Angelica Maria Melo was born in Colombia.

When Angelica was just six years-old, she had the unique responsibility of adjusting to a new country and learning the English language.

A little over a decade later, Angelica graduated from Elmont Memorial High School and was named the Class of 2011 Salutatorian.

She went on to pursue her college dreams at The George Washington University, in America’s capital, where Angelica earned her Bachelor’s degree in Fine Arts back in 2015.

Throughout this entire time, Angelica — and her family — were undocumented immigrants in America.

Now proud U.S. citizens, Angelica describes this moment for her family as “strange, but beautiful.”

“I’m finding it so difficult to explain,” Angelica confessed in our interview. “It’s like every year has culminated into this one moment. The moment that was spoken of years ago, while cleaning bathrooms, or houses, or painting, or figuring out how to pay for college ‘when we become citizens…’ [is finally here].”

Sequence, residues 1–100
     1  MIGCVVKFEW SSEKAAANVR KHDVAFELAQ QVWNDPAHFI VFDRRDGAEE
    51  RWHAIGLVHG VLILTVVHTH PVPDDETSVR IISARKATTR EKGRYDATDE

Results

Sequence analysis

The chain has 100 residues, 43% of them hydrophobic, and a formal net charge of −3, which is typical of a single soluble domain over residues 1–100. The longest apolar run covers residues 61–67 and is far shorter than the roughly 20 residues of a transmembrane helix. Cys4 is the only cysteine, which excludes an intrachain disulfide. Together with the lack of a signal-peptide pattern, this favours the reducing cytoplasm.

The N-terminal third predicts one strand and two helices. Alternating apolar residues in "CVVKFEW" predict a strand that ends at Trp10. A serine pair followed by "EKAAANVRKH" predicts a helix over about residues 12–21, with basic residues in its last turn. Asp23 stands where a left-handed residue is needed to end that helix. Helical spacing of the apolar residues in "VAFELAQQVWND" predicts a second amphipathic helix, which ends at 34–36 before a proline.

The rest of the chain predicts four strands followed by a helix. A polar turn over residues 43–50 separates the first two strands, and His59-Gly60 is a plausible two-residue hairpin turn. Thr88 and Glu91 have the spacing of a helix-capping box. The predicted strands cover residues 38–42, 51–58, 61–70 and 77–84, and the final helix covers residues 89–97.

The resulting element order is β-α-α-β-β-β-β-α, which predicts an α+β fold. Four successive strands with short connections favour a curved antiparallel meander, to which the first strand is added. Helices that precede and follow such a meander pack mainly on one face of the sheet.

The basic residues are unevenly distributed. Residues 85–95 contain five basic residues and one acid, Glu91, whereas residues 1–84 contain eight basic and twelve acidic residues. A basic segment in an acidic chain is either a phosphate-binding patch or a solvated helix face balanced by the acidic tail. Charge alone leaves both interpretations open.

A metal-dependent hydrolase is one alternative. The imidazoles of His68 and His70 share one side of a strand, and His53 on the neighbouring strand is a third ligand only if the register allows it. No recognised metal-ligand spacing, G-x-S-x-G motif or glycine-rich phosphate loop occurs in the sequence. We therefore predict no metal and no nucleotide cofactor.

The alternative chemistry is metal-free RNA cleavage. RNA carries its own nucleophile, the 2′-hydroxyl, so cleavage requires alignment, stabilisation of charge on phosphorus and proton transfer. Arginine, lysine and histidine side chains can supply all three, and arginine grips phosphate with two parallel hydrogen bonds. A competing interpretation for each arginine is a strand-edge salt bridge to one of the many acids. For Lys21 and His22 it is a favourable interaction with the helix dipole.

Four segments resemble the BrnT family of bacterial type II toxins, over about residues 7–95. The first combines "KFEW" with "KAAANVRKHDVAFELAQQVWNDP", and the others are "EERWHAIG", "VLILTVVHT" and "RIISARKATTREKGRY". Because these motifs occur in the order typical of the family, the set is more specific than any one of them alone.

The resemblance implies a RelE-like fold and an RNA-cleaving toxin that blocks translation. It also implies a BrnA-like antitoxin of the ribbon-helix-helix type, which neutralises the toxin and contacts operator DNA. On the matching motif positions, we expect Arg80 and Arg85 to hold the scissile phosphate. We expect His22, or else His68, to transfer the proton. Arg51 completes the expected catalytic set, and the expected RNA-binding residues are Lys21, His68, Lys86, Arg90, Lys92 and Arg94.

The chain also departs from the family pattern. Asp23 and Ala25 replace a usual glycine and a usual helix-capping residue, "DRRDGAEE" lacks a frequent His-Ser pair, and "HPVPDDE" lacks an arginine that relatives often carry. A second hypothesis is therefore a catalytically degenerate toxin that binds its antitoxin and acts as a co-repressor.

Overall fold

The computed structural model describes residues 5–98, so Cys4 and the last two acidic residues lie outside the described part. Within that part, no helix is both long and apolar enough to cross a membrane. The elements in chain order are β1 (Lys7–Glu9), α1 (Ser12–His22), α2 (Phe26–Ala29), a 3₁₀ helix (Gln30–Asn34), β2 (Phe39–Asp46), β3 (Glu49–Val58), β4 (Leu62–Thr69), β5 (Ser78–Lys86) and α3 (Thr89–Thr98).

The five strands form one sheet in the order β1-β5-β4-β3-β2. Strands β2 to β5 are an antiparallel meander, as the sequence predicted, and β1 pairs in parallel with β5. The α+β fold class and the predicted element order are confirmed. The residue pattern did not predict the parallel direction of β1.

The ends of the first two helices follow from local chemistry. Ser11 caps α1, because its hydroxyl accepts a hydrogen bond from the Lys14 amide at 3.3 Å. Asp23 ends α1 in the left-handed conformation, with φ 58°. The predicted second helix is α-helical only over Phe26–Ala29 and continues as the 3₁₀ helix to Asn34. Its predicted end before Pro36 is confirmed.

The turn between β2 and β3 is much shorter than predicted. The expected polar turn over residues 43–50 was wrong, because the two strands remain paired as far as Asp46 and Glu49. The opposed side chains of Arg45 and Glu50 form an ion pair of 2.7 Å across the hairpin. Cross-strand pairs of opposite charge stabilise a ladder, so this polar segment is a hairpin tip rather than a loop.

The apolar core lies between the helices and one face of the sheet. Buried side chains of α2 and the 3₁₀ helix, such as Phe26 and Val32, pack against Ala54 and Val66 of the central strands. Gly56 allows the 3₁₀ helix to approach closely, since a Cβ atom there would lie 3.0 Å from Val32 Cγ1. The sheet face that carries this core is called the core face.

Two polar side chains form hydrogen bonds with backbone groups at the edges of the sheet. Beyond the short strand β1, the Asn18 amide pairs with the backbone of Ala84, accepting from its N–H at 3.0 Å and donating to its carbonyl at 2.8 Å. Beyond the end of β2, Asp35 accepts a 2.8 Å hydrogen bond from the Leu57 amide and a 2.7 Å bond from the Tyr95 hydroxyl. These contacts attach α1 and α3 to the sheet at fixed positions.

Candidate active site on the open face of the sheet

We caught up with the Elmont grad  via email not simply to learn more of her journey as an undocumented immigrant, but also to talk about Angelica’s rekindled love of art & illustration — a medium she uses to highlight the immigrant experience — as well as her own adventures and misadventures.

Please enjoy our interview:

Full name: Angelica Maria Melo

Age: 23

Schools attended & areas of study: The George Washington University, B. A. in Fine Arts, minor in Biological Anthropology and Human Anatomy

Year graduated from Elmont:

2011

Tell us about “Kika Illustrations?”